The alarm goes off. It’s race morning. You’ve been training consistently for months your hydration and nutrition are dialed in, and you’re ready to go. Except for one slight hurdle, a cold front has moved in overnight, and it’s 42 degrees and pouring rain. Your sympathetic nervous system kicks in your heart rate and respiration increases, blood vessels began constricting, and your digestive system shuts down. None of which you want to experience before the start of your race. However, incorporating adverse weather conditions into your training and applying a toolkit of coping strategies, will enable you to see adversity as an advantage over your competition.
Research shows that mentally tough athletes perform better under undesirable conditions. So, what defines mental toughness. One researcher characterizes mental toughness as, “the athlete’s ability to maintain performance levels during adversity, perceive pressure as a challenge while maintaining emotional, cognitive, and behavioral control despite situational stressors” (Cowden, 2017). So, in other words, the mentally tough athlete is unaffected by the weather conditions. In fact, embracing the weather is an opportunity to excel and use the adverse weather to their advantage.
Some of us are mentally tough by genetic disposition. However, the research shows that mental toughness can be an acquired skill set. The first step is to train for adversity; if you don’t ride your bike in the rain, you’re not going to race well in the rain. If you don’t run in the rain, you’re not going to race well in the rain. There are no miracles in a triathlon. We have all heard the story of coach Bowman altering Michael Phelps swim goggles before the competition or Desi Linden’s win at Boston. Both are perfect examples of training for adversity. However, how do you make the turn from avoiding adverse training conditions to embracing adversity?
One example is to develop the coping strategy known as self-talk. One definition of self-talk provided by Hardy (2006) provides an overview of self- talk as, “verbalizations or statements addressed to self, are multidimensional in nature are associated with the content of statements employed and are serving at least two functions; instructional and motivational for the athlete.” Van Dyke and Brewer (2016) also categorize self-talk as “recognizable communication expressed either internally or out loud in which the sender of the message is also the receiver.” So, on race morning when looking out the window and seeing pouring rain, we have two options. First, it’s my day I can use this to my advantage I’ve trained for this, and I’m ready, or I hate the rain I’m going to a crash, my shoes are going to be wet, it’s cold. One can see the positive effect self-talk may have and why self-talk could influence performance.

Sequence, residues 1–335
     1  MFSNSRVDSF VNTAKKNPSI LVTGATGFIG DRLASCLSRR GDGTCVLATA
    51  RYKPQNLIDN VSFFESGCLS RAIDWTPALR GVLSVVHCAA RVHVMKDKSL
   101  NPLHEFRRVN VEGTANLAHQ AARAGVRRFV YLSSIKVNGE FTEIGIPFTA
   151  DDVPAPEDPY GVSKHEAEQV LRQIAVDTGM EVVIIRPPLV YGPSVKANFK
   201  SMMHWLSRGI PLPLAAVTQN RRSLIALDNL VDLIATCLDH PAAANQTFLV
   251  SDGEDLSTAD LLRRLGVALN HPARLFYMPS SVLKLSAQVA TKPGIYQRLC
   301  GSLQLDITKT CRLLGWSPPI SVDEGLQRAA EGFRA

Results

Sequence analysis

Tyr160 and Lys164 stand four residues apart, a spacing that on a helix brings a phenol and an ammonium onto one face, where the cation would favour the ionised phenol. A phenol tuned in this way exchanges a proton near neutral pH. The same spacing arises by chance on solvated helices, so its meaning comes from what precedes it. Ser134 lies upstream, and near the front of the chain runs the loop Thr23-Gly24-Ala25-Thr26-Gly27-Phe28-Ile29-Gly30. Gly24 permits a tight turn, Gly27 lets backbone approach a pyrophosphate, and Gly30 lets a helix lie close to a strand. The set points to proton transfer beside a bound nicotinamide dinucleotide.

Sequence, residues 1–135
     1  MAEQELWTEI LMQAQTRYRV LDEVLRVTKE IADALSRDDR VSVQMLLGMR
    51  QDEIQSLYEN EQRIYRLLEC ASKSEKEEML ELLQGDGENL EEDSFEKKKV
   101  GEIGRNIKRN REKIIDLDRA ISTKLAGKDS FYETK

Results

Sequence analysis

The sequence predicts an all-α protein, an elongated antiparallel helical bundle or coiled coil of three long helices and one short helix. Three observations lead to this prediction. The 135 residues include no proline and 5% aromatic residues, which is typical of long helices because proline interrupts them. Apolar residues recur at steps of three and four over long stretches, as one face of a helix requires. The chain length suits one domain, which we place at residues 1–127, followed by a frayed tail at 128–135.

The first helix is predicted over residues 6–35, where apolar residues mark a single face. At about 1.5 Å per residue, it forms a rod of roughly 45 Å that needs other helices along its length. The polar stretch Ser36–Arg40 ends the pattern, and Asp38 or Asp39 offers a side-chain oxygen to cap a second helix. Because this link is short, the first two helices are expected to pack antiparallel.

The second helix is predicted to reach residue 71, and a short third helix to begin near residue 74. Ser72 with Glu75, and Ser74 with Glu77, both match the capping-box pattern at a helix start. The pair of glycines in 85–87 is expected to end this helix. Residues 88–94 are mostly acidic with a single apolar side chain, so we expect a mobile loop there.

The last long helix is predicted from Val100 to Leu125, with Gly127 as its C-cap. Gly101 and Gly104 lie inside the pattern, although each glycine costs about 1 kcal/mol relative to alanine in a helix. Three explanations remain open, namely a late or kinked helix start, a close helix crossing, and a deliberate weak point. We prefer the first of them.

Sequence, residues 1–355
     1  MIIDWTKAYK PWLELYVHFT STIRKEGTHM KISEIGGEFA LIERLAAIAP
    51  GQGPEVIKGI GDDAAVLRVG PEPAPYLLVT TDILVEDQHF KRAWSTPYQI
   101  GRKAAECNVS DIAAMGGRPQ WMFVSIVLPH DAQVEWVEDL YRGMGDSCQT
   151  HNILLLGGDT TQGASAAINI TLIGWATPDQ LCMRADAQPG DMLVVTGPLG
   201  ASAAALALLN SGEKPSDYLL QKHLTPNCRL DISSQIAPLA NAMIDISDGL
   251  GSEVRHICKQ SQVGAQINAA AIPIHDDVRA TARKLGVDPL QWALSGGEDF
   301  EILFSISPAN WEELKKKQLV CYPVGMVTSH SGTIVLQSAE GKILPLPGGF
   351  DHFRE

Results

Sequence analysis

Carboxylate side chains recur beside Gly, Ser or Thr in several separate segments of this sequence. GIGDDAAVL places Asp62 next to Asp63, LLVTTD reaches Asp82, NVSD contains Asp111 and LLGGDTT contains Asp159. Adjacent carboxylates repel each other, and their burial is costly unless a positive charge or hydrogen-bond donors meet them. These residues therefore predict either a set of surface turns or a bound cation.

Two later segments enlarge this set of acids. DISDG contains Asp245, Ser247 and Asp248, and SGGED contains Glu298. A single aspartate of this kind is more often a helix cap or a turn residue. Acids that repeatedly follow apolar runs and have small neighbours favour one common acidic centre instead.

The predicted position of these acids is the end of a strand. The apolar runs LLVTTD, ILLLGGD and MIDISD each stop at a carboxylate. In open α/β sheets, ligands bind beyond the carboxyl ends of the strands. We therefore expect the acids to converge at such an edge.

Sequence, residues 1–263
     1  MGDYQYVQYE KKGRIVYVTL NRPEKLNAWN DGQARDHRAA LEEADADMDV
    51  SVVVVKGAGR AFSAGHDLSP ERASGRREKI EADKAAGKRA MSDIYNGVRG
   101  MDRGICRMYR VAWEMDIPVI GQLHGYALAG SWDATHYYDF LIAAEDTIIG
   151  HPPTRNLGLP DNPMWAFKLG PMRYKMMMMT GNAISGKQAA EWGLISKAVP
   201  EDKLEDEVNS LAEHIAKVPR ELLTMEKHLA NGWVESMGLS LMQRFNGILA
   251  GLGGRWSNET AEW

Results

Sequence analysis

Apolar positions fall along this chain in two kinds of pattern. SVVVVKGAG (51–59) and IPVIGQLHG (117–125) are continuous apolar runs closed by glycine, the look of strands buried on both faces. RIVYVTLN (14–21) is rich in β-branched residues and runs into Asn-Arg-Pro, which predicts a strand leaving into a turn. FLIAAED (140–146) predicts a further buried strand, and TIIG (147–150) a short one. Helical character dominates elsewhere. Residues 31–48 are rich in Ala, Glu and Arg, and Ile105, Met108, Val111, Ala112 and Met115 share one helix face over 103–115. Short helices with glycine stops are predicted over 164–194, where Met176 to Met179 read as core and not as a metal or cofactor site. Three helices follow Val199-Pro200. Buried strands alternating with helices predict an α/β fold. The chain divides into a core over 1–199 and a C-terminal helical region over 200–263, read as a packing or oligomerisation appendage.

How we react to difficulty on race day will have a direct effect on performance outcomes. We are all aware of the physiological adaptations that are required when changing environmental conditions, such as heat or altitude but also, be aware of the mental component as well, so, when confronted with a weather system smile and say out loud, “I love the rain”.
For more information on self-talk see the March 2018 issue of The Sport Psychologist. The entire issue is dedicated to research on the coping skill of self-talk.
George Epley has more certifications than most doctors. They range from USA Triathlon and USA Cycling to American College of Sports Medicine and TrainingPeaks WKO4. He applies his tremendous knowledge to athletes of all levels and abilities and helps everyday athletes with managing their time to get the most from their training.